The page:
With the majority of Kuwait’s population under the age of 35, the outcome of the 2020 National Assembly (parliament) election will likely have a significant impact on the future of the country’s young population.
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Although young Kuwaitis make up the majority of the population, many of the issues they are concerned about are absent from the political discourse in this year’s election campaign.
“Unfortunately, some of the main topics that affect the youth, like the housing crisis and the job market, have not come up for discussion this year as much as other issues like the demographic imbalance and electoral reform,” Bader Al Najjar, a political activist, told Gulf News.
The issues that affect Kuwait’s young population are not new problems; they are issues that have worsened over the years “due to inefficient planning on the government’s part. The issues that Kuwait faced over the past 20 years are the same issues we face today, except they are much larger,” Khalefah Al Ghanim, a PhD candidate in political science, told Gulf News.
Young Kuwaitis have always been an important factor in politics as the number of young voters has increased in recent years. During the 2016 elections, around 36 per cent of all votes were cast by young voters.
Kuwaitis aged 21-35 make up over 55 per cent of legal voters, according to Kuwait’s population census. While women make up the majority of registered voters in Kuwait, based on the 2019 data from the Ministry of Interior, around 80 per cent of eligible young women are not registered.
Taking part in the Sajelni (‘register me’) campaign, Al Ghanim helped set up the first ever voter registration drive in Kuwait with the aim of registering as many young Kuwaitis as possible, with a focus on women. According to the Sajelni campaign, female voters under the age of 35 are almost twice as likely to be unregistered as their male counterparts.
Due to the pandemic, the registration period (usually February to March) was cut short this year. Thus, there isn’t updated data on the number of young registered voters.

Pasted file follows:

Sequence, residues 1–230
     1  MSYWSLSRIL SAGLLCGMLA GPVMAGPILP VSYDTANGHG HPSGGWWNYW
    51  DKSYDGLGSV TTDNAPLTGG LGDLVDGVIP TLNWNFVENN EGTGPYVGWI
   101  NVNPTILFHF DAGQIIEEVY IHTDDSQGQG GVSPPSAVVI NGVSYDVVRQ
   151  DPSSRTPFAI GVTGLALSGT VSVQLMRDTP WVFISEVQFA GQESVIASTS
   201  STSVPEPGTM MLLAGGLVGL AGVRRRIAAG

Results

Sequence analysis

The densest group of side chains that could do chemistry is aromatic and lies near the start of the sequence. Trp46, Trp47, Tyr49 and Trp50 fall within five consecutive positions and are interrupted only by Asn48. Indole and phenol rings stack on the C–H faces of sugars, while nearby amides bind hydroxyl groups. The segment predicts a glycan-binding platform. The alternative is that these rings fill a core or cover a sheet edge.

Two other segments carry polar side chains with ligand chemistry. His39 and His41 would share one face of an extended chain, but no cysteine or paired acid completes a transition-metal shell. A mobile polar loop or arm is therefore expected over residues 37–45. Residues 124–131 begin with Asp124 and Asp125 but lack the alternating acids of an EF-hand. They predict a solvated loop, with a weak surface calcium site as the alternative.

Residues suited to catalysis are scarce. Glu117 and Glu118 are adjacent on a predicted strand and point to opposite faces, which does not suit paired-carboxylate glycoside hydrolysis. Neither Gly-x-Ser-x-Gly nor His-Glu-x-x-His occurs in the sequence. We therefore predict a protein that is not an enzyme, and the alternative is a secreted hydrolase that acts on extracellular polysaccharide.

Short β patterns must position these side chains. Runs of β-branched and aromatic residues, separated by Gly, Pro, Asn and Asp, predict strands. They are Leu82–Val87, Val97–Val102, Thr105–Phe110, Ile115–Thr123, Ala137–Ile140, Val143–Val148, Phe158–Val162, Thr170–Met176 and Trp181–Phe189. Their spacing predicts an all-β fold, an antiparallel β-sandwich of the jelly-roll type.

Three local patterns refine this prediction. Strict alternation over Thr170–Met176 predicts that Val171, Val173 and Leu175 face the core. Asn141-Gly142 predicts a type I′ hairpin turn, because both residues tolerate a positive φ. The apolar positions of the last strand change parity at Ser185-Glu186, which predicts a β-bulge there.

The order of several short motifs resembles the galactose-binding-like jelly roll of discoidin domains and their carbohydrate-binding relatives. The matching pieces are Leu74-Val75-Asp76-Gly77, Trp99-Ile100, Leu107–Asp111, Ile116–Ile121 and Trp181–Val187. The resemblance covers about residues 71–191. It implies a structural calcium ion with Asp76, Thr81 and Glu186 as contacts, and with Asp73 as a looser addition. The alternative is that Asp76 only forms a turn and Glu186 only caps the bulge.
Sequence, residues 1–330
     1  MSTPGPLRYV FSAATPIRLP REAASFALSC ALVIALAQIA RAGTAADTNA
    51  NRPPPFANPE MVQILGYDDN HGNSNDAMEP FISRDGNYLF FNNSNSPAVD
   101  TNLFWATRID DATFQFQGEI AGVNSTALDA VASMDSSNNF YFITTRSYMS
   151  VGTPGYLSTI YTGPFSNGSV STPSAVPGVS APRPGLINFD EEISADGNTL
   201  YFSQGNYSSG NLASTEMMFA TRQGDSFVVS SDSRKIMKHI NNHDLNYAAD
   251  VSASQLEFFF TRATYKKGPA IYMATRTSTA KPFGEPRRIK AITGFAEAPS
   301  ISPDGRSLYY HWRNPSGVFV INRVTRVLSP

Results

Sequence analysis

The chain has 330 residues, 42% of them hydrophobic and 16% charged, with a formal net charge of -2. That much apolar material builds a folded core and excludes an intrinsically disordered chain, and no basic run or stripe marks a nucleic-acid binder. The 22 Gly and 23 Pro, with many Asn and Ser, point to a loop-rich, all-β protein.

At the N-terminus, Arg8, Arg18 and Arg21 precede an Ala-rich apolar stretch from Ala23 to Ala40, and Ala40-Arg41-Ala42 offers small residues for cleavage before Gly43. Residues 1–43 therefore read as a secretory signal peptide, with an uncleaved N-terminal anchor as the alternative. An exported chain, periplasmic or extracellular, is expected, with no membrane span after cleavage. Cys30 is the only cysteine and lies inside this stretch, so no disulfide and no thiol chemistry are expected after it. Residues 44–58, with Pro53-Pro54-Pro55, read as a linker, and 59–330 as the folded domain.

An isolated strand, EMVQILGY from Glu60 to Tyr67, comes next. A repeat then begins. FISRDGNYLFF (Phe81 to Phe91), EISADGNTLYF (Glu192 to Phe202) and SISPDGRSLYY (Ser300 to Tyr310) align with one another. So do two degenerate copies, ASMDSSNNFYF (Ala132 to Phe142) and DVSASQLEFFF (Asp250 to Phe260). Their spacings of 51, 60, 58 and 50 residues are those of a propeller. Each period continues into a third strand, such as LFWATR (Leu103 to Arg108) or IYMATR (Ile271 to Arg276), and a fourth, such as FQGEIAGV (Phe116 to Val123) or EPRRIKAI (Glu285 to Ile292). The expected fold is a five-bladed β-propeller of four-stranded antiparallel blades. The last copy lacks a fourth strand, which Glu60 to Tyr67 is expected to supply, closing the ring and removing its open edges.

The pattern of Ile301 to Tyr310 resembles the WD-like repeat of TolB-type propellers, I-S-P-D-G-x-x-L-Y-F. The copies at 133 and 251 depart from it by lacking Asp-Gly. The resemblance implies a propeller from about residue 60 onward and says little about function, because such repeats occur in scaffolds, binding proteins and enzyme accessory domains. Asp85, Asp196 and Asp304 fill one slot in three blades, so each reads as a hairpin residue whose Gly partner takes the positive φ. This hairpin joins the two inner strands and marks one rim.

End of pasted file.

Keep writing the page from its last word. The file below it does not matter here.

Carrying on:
Hopes from 2020 elections
Although the majority of registered voters in Kuwait consist of young Kuwaitis, their priorities are not reflected in national policies.
Both Al Najjar and Al Ghanim are considered as part of Kuwait’s youth and when asked what they want most from this year’s elections, they said: “I want to see a large turn out in this year’s elections. I also want to see people voting for good candidates who will fight corruption and stand by freedoms,” Al Najjar said.
“Political reform – but we won’t get that unless there’s more political mobilisation on the part of candidates and voters,” Al Ghanim said.
Involvement in elections
While young Kuwaitis have always participated and volunteered in election campaigns, in recent years the youth have had considerable impact especially when it comes to political advertising and marketing.
“The younger generation are more tech savvy and so they are being asked by the candidates, especially the older ones, to help manage their campaigns and get their message out online,” Al Najjar said.
In recent years, there has been a surge in youth-led media outlets from podcasts and news shows to the rise of young political analysts and academics.
“Young voices surely dominate society, culture and academia, but this isn’t reflected in political participation unfortunately. There also needs to be more representation of young women in these areas,” Al Ghanim explained.
As for voter trends when it comes to youth, Al Najjar pointed out that young Kuwaitis tend to shy away from voting norms, like voting for people based on their family. That said, he mentioned the youth tend to change their mind more quickly and are unpredictable in their voting patterns.
One of the main political issues that affect young Kuwaitis is the ongoing housing crisis. Certain benefits come with being a Kuwaiti citizen, one of which is that every Kuwaiti family has the right to obtain a house or plot of land. While that is a right, many young Kuwaitis are worried about their chances of securing housing in the immediate future for several reasons.